Dealing with the opinion, expressed on the Qu’ran by some European authors who dwell upon the pretended inferiority of the later portions of the Qu’ran in comparison with the earlier chapters, Dr. Steingass ably remarks as follows:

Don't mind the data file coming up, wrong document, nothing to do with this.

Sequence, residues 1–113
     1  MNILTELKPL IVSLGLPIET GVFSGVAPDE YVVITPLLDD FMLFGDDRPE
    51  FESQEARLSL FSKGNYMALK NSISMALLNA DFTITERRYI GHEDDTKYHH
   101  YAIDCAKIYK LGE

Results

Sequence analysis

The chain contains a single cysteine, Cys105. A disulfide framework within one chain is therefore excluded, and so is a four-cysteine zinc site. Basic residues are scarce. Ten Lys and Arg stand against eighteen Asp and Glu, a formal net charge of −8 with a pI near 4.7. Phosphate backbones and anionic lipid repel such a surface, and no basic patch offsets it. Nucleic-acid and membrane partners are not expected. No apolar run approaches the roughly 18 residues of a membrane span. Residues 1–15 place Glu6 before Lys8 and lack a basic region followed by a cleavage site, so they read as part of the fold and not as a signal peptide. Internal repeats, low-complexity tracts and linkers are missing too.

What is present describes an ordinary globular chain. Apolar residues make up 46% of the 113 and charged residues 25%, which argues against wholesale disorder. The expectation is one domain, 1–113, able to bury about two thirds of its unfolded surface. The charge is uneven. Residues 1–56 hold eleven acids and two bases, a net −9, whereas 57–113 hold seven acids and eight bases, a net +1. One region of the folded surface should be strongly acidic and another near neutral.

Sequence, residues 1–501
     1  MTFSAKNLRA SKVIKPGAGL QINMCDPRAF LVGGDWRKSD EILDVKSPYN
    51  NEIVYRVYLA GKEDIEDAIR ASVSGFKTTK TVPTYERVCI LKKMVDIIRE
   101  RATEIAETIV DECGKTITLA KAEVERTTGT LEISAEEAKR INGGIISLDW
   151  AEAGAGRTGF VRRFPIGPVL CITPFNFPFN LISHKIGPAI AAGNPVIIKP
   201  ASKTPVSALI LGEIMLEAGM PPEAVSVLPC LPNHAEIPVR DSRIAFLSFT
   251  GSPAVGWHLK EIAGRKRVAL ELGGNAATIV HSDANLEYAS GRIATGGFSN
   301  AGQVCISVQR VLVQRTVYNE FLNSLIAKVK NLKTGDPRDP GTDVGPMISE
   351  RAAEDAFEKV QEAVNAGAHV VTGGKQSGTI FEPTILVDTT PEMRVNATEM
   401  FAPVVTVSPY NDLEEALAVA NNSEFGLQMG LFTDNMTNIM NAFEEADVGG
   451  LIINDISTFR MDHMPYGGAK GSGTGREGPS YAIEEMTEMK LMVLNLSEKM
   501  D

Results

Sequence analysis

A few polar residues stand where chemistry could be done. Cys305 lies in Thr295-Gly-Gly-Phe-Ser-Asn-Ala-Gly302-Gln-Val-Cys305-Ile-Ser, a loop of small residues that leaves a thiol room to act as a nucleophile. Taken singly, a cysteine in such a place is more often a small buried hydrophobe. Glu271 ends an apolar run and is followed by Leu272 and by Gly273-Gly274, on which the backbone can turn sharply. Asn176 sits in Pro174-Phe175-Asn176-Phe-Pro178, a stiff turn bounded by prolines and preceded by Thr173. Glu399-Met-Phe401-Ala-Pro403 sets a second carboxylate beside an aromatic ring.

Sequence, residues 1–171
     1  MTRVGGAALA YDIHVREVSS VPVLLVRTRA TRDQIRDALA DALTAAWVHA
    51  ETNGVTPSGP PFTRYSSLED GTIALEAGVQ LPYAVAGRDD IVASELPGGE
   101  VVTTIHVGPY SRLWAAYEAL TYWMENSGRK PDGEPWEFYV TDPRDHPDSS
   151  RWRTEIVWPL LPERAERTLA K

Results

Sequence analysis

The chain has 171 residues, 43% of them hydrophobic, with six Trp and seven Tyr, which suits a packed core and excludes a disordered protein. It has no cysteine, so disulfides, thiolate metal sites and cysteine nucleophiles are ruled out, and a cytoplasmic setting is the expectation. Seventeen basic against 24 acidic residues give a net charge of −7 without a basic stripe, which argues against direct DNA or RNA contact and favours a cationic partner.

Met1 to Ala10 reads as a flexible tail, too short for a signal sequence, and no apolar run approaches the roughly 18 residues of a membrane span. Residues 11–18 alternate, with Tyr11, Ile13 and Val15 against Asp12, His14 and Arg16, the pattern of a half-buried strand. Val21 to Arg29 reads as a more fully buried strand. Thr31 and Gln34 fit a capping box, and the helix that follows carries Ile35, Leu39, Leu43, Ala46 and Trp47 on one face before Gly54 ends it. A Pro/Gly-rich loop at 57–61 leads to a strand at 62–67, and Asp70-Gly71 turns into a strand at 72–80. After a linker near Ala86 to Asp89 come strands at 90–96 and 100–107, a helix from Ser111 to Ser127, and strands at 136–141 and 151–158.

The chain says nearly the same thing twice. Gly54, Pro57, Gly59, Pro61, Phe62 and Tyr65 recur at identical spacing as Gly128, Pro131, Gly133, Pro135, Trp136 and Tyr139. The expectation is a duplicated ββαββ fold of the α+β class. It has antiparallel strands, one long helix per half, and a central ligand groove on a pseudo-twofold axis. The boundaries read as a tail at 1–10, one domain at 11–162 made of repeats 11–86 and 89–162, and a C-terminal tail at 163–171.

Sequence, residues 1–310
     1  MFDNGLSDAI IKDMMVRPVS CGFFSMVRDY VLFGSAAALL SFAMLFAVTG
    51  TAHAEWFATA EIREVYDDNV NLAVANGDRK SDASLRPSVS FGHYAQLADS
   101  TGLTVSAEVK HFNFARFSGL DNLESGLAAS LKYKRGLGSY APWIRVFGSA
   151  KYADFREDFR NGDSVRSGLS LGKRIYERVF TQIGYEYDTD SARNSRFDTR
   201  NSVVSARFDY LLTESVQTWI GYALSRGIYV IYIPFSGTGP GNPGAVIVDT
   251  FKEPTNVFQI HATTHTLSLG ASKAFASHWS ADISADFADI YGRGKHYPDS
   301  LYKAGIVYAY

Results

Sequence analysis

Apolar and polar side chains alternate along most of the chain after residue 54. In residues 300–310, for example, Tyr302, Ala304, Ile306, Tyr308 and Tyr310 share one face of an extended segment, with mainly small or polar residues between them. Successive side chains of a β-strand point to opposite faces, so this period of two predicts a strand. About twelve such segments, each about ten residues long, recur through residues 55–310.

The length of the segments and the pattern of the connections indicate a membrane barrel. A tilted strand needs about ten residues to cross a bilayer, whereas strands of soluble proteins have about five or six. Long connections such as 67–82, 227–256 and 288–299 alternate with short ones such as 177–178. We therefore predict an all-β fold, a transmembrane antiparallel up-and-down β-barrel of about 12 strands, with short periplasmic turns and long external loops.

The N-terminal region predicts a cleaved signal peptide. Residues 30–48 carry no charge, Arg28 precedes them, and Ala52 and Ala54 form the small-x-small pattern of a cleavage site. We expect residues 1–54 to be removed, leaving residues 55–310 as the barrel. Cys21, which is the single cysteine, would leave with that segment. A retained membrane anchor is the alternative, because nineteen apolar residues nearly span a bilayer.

“Not being an Arabic scholar himself [Goethe], he knew the Qu’ran only through the translations existing at the time which follow throughout the order of the received text…Those critics, on the other hand, who view the Qu’ran with regard to the chronological order of its constituents, follow the descending scale in their estimate. But if we consider the variety and heterogeneousness of the topics, on which the Qu’ran touches, uniformity of style and diction can scarcely be expected; on the contrary, it would appear to be strangely out of place. Let us not forget that in the book, as Muhammad’s newest biographer. Ludolf Krehl [Das Leben des Muhammad. Lepizing 1884] express it, ‘there is given a complete code of creed and morals, as well as of the law based thereupon. There are also the foundations laid for every institution of an extensive commonwealth, for instruction, for the administration of justice, for military organization, for finance, for a most careful legislation for the poor: ‘all built up on the belief in the one God Who holds man’s destiny in His hand.’ Where so many important objects are concerned, the standard of excellence, by which we have to gauge the composition of the Qu’ran as a whole, must needs vary with the matter treated upon in each particular case. Sublime, and chaste, where the supreme truth of God’s unity is to be proclaimed; appealing in high–pitched strains to the imagination of a poetically–gifted people, where the eternal consequences of man’s submission of God’s holy will, or of rebellion against it, are pictured; touching in its simple, almost crude earnestness, when it seeks again and again encouragement or consolation for God’s Messenger, and a solemn warning for those, to whom he has been sent, in the histories of the prophets of old: the language of the Qu’ran adapts itself to the demands of everyday life, when this everyday life, in its private and public bearings, is to be brought in to harmony with the fundamental principles of the new dispensation.